Air Canada is cutting an additional 1,500 jobs and suspending more international flights while the airline grapples with heavy travel restrictions imposed to help quell the spread of new coronavirus variants.
Effective Feb. 18, the airline told Global News that 17 flight routes to the U.S. and overseas will be temporarily suspended until at least April 30.
“Affected customers with bookings will be contacted with options, including alternate routings,” Air Canada said.
Impacted routes across the U.S. include:
- Toronto to: Fort Myers (Feb. 14), Boston (Feb. 16), Washington-Reagan (Feb. 17), Denver (Feb. 17) and New York LaGuardia Airport (Feb. 17)
- Montreal to: Boston (Feb. 17), New York LaGuardia Airport (Feb. 17)
- Vancouver to: Seattle (Feb 16)
- Toronto to: Bogotá (Feb. 16), Dublin (Feb. 12), Dubai (start-up postponed), São Paulo (Feb. 16), Hong Kong (start-up postponed), Tel Aviv (continued suspension)
- Montreal to: Bogotá (Feb. 13)
- Vancouver to: London, England (Feb. 14), Tokyo-Narita, Japan (Feb. 15)
According to Prime Minister Justin Trudeau, non-essential travel accounts for roughly 15 per cent of travellers who are coming back into Canada by plane, many of whom are snowbirds — Canadians who regularly travel to the U.S. and overseas for the winter.
Chief public health officer Dr. Theresa Tam said the “simplest rule of thumb” is to restrict non-essential activities “as much as possible,” even if that means doling out hefty fines.
Her comments come in the midst of a federal government crackdown on non-essential travel that includes mandatory PCR testing, the requested suspension of all flights to sunny destinations from major airlines and designated quarantine hotels that are expected to cost more than $2,000 for travellers.
Wesley Lesosky, president of CUPE’s airline division, which represents flight attendants at Air Canada and Air Canada Rouge, told The Canadian Press that more needed to be done if the country’s aviation industry was going to survive the COVID-19 pandemic.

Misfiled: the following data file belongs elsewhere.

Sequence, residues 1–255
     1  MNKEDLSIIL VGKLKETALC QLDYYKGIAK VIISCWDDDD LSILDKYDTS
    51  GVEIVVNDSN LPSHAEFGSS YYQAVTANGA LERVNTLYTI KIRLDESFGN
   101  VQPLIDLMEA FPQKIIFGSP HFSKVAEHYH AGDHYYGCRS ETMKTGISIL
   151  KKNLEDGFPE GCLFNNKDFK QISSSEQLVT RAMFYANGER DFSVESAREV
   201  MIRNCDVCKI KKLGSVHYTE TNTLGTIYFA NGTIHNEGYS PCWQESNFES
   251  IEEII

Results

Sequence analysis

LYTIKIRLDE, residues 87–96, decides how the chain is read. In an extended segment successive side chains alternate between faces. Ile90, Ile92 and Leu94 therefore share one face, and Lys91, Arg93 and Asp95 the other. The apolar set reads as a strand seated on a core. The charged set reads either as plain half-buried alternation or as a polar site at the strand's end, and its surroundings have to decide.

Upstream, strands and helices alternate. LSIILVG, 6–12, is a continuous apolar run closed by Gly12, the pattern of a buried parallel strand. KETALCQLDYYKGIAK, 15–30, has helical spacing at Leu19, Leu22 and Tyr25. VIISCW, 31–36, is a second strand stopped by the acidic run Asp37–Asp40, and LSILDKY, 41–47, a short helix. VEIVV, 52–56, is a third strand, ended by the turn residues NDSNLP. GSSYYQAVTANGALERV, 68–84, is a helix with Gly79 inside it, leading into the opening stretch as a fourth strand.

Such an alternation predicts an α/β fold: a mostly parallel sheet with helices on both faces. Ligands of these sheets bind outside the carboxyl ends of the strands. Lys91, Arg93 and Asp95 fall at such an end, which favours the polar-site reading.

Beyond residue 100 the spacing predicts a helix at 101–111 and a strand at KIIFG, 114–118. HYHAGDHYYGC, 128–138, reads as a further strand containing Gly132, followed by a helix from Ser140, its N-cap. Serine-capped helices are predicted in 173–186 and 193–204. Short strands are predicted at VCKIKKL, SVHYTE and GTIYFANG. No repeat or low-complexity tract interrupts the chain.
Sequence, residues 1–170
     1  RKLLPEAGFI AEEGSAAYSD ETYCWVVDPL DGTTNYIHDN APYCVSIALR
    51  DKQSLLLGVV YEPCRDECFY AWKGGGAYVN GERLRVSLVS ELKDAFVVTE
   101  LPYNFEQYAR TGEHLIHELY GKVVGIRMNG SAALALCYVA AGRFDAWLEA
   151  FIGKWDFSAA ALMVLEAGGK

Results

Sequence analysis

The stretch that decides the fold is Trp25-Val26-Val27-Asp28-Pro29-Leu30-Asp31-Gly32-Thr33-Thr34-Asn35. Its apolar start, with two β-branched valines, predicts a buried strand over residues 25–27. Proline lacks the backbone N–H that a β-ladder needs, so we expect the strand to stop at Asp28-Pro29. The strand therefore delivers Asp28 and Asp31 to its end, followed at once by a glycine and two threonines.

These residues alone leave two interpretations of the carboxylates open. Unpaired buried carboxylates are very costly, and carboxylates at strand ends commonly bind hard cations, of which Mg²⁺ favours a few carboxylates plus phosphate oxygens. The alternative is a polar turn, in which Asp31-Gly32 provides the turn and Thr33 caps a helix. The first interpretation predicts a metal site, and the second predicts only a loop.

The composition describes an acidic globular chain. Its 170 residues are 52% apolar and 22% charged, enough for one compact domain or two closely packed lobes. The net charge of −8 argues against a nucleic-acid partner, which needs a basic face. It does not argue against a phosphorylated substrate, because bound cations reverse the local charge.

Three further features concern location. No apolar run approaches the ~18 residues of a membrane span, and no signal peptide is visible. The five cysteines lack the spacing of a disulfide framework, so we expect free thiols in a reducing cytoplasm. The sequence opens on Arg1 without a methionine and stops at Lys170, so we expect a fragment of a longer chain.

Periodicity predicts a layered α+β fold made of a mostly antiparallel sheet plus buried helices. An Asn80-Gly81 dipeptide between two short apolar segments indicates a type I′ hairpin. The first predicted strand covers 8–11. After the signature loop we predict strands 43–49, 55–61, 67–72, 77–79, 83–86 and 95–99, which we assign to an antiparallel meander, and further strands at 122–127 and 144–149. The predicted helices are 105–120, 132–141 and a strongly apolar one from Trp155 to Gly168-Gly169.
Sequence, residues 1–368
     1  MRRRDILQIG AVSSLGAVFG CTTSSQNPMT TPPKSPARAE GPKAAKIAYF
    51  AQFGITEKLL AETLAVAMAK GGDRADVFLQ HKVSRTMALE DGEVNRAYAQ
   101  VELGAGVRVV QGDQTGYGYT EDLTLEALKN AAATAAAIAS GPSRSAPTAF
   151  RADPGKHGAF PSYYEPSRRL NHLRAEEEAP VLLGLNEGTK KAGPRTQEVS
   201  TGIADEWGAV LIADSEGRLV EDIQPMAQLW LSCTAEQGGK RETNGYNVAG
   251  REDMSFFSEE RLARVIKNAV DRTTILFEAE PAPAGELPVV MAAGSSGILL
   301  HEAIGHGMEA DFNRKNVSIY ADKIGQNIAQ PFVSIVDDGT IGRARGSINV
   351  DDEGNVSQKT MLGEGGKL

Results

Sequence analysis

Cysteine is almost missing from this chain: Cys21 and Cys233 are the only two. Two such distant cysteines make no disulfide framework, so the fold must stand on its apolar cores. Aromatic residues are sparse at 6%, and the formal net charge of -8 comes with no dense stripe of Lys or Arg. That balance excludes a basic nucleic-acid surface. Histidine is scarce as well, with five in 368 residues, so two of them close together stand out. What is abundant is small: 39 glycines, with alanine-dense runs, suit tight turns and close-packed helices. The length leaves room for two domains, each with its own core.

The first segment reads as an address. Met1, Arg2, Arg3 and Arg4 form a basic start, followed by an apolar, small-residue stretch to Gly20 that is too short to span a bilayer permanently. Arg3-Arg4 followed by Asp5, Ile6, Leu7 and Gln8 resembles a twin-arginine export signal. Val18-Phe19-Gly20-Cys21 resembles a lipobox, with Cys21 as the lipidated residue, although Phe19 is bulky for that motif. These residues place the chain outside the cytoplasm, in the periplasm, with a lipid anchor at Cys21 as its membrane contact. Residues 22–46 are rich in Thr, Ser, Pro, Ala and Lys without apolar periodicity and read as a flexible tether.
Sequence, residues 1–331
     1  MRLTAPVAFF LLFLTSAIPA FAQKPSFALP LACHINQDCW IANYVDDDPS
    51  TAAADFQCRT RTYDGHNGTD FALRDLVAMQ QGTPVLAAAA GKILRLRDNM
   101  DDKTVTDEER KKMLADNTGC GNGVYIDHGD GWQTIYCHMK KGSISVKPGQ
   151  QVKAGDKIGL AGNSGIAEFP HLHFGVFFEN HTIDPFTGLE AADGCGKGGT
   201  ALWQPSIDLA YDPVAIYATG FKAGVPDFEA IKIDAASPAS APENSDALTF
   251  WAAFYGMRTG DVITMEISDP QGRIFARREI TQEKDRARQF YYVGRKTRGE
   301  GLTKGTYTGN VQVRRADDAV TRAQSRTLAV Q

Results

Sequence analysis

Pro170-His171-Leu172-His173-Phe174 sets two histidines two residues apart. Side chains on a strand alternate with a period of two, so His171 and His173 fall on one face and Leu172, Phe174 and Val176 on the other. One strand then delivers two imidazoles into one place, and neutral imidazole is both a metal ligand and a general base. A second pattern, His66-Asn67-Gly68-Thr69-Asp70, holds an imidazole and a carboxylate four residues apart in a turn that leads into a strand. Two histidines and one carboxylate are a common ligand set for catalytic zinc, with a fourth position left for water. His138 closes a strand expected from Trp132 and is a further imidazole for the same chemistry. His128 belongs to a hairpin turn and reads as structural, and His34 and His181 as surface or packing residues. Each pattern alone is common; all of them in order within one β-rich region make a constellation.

“We appreciate the need for measures to prevent the spread of new variants of COVID-19 in Canada,” he said. “But restrictions have to be accompanied by solutions.”
The new travel restrictions have already dealt a blow to the airliner’s vacation subsidiary, Air Canada Rouge, which announced 80 layoffs last week and officially paused its operations on Monday as a result of the government’s suspension of all flights to the Caribbean and Mexico.
On Tuesday, Trudeau announced he was expanding non-essential travel restrictions to include a mandatory negative PCR test for those entering Canada’s land borders taken within 72 hours of departure.
Trudeau said border officials can’t legally turn away Canadians at the land border — but they can issue a “stiff penalty” of up to $3,000 in fines for those who don’t show a negative test and ensure followups for those requiring additional COVID-19 testing and quarantines.
“You can’t prevent someone who is standing at a land border crossing from entering Canada because technically they’re already on Canadian soil when they’re speaking to that customs officer,” he said, adding that non-essential travel represents roughly five per cent of people driving through Canadian borders.
The new measure goes into effect on Feb. 15.
Internal federal government polling has consistently shown broad support for keeping tight restrictions on the Canada-U.S. border until conditions change with the spread of the virus.
The most recent internal government polling commissioned by the Privy Council Office, done in late November and obtained by Global News using access-to-information laws, found that 41 per cent of Canadians believed the border should remain shut to all non-essential travel until there is a vaccine, while 35 per cent thought it should open only when the number of new daily U.S. cases nears zero.
In June, a similar internal poll, also obtained using access-to-information laws, found that 40 per cent said the government should not reopen the Canada-U.S. border until U.S. cases approach zero while 25 per cent said the border should stay closed until a vaccine is available.
— With files from Global News’ David Akin and the Canadian Press